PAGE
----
For our global digital world to be ethical and fair, and minimize harm, I believe the digital maker community needs to center its values around inclusivity. We need to support the human family, as messy as that might get. Easy and fast isn't always the right path.
You Meant Things to Be Different, but They're Not
How do you feel when, despite what you consider your best efforts, you look around and realize that you have populated your team with people who, for the most part, look, think, act, eat, and play the same way you do? People who affirm and confirm who you believe yourself to be (competent, likable, coffee connoisseur, cool—maybe). Do you tense up with shame and ignore it? Do you defensively find excuses to justify the situation (e.g., the applicant pool is too narrow, or I don't have time to do the extra work)? Or do you acknowledge that as competent, well-intentioned, and tolerant as you are, you might have a blind spot?
Almost no one wants to think about the unintentional harm they cause through ignorance. We want to believe our work will magically reflect our beliefs and intentions. I'm good; therefore, I do good things that create positive effects. So, we're shocked and sometimes ashamed when harm manifests in ways we didn't intend.
I've been in this spot a lot when I travel. I have a list of embarrassing missteps I've made (and probably continue to make) when I step into new cultures. I'm one human being with only my lived experiences to guide me. I'm going to make mistakes. Hopefully, not the same ones over and over, but then there is that too. I've learned to research before I travel, observe more than speak, and apologize when I realize my ignorance causes harm. Sometimes the apology is accepted, and sometimes I get vitriol. That’s just the way it is.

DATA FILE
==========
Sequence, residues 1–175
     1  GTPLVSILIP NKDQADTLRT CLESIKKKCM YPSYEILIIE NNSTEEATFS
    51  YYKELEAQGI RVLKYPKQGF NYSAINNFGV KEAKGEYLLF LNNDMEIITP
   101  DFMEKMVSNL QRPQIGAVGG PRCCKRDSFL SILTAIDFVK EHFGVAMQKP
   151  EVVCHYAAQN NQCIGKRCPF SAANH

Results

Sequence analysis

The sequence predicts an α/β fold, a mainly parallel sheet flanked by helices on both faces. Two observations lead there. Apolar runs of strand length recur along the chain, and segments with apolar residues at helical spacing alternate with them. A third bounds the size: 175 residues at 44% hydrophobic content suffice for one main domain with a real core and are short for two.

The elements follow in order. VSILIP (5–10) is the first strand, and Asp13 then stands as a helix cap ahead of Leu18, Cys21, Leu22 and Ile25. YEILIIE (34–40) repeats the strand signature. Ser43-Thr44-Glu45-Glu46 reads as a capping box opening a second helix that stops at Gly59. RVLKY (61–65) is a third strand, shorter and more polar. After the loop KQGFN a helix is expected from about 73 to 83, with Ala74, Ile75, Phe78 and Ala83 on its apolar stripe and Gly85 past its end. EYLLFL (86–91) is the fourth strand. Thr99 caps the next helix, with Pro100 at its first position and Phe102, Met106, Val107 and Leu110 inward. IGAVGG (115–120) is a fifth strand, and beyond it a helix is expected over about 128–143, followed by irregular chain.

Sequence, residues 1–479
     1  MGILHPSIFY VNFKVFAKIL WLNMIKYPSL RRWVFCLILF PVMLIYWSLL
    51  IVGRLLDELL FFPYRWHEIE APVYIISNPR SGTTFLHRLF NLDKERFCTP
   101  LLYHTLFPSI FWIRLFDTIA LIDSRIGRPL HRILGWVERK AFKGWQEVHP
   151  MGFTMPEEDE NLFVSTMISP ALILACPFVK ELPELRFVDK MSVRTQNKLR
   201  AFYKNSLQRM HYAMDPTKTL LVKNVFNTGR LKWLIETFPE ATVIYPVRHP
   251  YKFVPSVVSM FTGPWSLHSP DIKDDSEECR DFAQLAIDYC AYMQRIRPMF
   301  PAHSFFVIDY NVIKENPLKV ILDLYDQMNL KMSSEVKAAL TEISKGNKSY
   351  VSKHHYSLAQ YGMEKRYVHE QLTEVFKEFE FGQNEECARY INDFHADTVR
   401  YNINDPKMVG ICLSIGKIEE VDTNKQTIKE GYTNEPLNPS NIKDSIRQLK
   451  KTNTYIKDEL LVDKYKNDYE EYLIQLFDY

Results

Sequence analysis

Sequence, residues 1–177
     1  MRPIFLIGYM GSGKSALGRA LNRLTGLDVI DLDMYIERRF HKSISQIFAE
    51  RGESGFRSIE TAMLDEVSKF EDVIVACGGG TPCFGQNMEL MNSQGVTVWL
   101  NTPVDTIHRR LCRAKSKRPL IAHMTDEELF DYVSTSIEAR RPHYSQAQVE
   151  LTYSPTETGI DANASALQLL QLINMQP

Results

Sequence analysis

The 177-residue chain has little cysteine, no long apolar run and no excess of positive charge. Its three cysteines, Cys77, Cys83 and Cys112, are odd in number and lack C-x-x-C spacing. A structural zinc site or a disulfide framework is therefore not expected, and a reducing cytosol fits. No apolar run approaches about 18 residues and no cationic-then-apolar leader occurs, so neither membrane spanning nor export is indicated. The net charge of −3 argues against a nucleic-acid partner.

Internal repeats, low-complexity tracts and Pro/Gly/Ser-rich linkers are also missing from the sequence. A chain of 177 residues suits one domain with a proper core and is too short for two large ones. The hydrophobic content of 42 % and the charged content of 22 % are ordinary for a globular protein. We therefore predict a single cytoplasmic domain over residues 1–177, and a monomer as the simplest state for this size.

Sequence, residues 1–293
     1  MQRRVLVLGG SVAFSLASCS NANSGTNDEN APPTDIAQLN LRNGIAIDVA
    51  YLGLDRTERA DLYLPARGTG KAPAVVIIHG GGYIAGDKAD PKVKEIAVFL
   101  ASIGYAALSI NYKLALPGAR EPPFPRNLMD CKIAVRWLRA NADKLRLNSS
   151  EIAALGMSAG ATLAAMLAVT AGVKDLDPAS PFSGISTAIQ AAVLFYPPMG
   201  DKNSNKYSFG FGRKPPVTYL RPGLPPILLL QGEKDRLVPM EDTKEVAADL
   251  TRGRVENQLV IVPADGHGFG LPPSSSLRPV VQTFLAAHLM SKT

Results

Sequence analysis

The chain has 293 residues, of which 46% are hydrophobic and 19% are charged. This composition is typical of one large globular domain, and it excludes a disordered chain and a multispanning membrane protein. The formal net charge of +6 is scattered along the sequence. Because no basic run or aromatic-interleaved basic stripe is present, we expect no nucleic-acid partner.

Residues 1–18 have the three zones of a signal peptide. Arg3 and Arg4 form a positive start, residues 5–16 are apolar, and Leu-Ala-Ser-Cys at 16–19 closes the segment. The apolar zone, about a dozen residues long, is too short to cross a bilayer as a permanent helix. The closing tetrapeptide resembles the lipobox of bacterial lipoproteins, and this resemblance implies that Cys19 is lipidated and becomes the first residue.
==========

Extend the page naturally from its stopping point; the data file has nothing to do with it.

On the other side, I try to accept the apologies of others when they wake up to their blind spots and biases about me and who I am. I'm also privileged enough to remove myself from situations where people aren't interested in personal growth or positive change but are more invested in righteousness, retaliation, or harm. I try to learn, forgive, and not empower willful ignorance by giving it my attention. For me, this is a way forward. The balance for others might be different. It takes a multiplicity of actions and ways of being in the world to effect change. Play your base, whatever that is, and allow others to play theirs. But play.